A business process review within the firm initiated the design of Athena. This led to best practice discussions and revealed the need for new policies such as copyright and confidentiality, as well as working practice guidelines. Once business processes were agreed, a joint KM and IT design team formulated functional requirements that were again carefully validated by the firm’s lawyers. Once the basic functional requirements were agreed, and to ensure the design addressed the needs of the two primary groups of users – lawyers and the KM community – the firm then established two advisory ‘super user’ groups (SUGs) that included partners, associates and KM lawyers from among the firm’s practice groups and offices. The latest design and development ideas for Athena were presented to the two SUGs on a regular basis, so that their comments and ideas could be fed into the design and implementation processes. Athena was to have a strong business focus.

The firm’s IT staff adopted a development methodology to incorporate continuous feedback. User interface design – the primary intersection between lawyers and Athena – received much attention. The firm employed a design analysis manager – an expert in user psychology – to ensure that the interface was as usable and ergonomic as possible. Athena developed as a web-based program that indexes and stores all of the firm’s know how in one place. In simple terms, as long as a lawyer has an Internet connection, they now have access to all of the firm’s know-how, in any office, at any time of the day or night.

Thanks to Athena, lawyers can now find information using either simple or advanced searches. Lawyers can create personal preferences, and use filters to limit search results. They can also use navigation aids further to help them quickly narrow search results to a short list of highly relevant results. As well as saving and sharing searches, lawyers can tag and save individual search result items in ‘results baskets’, similar to shopping baskets found in commercial websites. Athena also includes on-line help to supplement traditional training and orientation materials.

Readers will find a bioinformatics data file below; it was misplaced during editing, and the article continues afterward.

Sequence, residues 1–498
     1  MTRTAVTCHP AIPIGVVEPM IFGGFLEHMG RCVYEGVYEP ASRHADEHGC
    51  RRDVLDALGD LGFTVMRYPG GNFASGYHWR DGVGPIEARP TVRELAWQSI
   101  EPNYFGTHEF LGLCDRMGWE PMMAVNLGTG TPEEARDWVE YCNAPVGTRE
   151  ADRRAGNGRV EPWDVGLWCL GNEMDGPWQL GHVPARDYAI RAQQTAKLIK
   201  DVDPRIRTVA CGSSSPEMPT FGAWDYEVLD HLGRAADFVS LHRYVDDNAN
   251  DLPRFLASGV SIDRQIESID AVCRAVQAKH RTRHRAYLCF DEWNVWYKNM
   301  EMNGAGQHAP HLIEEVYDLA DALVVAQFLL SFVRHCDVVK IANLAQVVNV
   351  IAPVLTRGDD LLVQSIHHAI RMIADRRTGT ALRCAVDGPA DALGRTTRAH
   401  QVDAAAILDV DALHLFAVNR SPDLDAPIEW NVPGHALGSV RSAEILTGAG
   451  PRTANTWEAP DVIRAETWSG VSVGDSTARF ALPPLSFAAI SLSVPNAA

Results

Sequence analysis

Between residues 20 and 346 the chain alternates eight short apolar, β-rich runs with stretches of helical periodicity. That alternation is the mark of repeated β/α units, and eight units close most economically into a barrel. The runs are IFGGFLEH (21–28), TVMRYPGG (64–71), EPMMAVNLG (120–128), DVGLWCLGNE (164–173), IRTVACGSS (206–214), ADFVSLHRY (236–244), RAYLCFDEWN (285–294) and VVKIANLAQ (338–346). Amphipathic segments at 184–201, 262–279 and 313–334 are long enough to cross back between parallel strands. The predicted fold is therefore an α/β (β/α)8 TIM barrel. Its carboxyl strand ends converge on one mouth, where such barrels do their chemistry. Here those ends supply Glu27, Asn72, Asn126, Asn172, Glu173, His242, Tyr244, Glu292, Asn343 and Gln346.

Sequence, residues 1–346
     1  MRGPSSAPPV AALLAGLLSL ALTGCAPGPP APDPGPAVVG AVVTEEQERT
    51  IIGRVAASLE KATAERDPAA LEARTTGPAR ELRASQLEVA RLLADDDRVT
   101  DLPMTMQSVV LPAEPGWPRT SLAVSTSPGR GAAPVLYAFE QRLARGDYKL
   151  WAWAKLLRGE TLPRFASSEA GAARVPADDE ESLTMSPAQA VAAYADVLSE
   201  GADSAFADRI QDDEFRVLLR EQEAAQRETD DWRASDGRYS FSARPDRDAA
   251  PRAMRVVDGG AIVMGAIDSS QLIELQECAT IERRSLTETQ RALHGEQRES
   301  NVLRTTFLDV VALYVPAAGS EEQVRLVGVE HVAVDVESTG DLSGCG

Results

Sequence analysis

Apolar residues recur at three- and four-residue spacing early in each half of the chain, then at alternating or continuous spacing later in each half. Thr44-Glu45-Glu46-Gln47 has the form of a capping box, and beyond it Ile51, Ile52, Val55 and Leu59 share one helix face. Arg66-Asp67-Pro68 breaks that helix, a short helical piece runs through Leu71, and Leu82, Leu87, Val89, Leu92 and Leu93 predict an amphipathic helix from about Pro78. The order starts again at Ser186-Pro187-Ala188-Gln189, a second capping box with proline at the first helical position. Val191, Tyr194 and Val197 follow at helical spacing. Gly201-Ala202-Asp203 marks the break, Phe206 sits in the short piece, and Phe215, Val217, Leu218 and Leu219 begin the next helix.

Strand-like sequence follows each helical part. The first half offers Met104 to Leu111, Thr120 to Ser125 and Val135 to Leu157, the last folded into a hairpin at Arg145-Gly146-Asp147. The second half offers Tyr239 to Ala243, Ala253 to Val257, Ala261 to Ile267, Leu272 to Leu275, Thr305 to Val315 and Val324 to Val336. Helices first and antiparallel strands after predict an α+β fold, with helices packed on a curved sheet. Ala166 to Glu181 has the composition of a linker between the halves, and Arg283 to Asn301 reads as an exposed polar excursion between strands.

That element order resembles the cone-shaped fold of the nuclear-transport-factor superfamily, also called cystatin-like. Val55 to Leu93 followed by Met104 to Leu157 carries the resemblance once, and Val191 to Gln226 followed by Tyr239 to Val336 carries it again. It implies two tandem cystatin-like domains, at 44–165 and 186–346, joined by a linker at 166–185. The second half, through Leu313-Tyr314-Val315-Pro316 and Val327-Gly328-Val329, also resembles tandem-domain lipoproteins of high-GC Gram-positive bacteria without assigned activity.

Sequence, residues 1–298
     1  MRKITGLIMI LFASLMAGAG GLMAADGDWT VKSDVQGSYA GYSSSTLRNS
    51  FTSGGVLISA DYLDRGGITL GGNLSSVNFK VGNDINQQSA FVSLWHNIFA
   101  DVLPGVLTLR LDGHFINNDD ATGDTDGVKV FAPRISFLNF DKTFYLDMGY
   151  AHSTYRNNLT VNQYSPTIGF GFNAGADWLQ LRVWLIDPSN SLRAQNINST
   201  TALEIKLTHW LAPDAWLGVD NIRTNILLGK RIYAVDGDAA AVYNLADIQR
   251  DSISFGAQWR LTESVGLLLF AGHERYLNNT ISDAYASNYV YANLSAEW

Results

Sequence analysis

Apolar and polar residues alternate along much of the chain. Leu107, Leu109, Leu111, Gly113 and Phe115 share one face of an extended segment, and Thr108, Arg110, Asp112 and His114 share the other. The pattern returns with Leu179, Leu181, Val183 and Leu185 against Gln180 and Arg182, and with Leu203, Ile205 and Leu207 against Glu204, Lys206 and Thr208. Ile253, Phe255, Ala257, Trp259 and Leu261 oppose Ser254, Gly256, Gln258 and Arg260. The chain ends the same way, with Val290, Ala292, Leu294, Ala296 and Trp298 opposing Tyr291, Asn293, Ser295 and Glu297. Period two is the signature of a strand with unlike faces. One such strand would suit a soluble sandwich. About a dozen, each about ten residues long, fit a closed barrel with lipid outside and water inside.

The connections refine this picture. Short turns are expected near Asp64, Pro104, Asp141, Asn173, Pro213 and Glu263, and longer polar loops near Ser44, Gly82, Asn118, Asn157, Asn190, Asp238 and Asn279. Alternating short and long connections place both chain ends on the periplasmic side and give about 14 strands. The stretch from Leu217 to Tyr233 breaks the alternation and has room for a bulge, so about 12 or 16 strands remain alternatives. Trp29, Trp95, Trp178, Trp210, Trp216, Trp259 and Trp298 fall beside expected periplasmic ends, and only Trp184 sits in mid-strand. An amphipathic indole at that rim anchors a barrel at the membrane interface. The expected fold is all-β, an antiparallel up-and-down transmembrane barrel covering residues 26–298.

Transition

During development, a migration team worked to image the firm’s legacy, primarily paper-based information. Data were translated from the old KM systems into the new data structure created for Athena. The team migrated data from about 50 legacy databases. At the same time, KM lawyers reviewed existing collections to ensure that Athena included only content that was both useful and relevant.

The project team further expanded to include a full-time change management/learning team of KM, library and training personnel from across the firm. That team delivered intensive training sessions for the firm’s KM professionals, ensuring they thoroughly understood the new policies and working practices and how to use Athena technically.

Lawyer training was completely different. Knowing that Athena needed little traditional IT training, the project learning team invented the concept of ‘know-how stories’ for lawyers. Lawyers were divided into around 40 groups, aligned with their practice groups and location. A lawyer from each group became responsible for creating and delivering that group’s ‘know-how story’. KM worked with that lawyer to develop a real-life scenario tailored for that group, showing how Athena would make specific know-how-related tasks easier.

Using ‘know-how stories’ took a lot of time, but feedback suggests that this peer-to-peer approach has been very successful in building lawyer awareness, understanding and adoption of Athena. Between February and November of 2005, Athena was rolled out to about 75% of the firm’s lawyers around the world.

The firm is now in the middle of the design phase for the next major release. It will contain new features, based mainly on the systems in use in its Austrian, French and German offices, including more sophisticated multilingual support, improved content submission and better browsing.

Meanwhile the Athena team is busy with a detailed adoption and integration programme. This will include taking user statistics and performance reporting to provide KM leaders with best practices to encourage them to improve Athena content and to use that content more efficiently to service the firm’s clients.

Conclusion

Athena is a huge improvement over the firm’s previous systems. It now contains more than 175,000 know-how items in a unified database. At least 400 lawyers use Athena every week to perform thousands of searches, which provide up-to-the-minute data from the entire firm, and the KM professionals use Athena daily to manage their know-how content more efficiently.

Athena is now a main part of the foundation for the firm’s next-generation KM strategy and its introduction and the working practice changes that will evolve from it will ensure that the firm achieves its business goals as well as remaining at the forefront of legal KM. 

Leanne Tilbrook is a knowledge management lawyer at Freshfields Bruckhaus Deringer.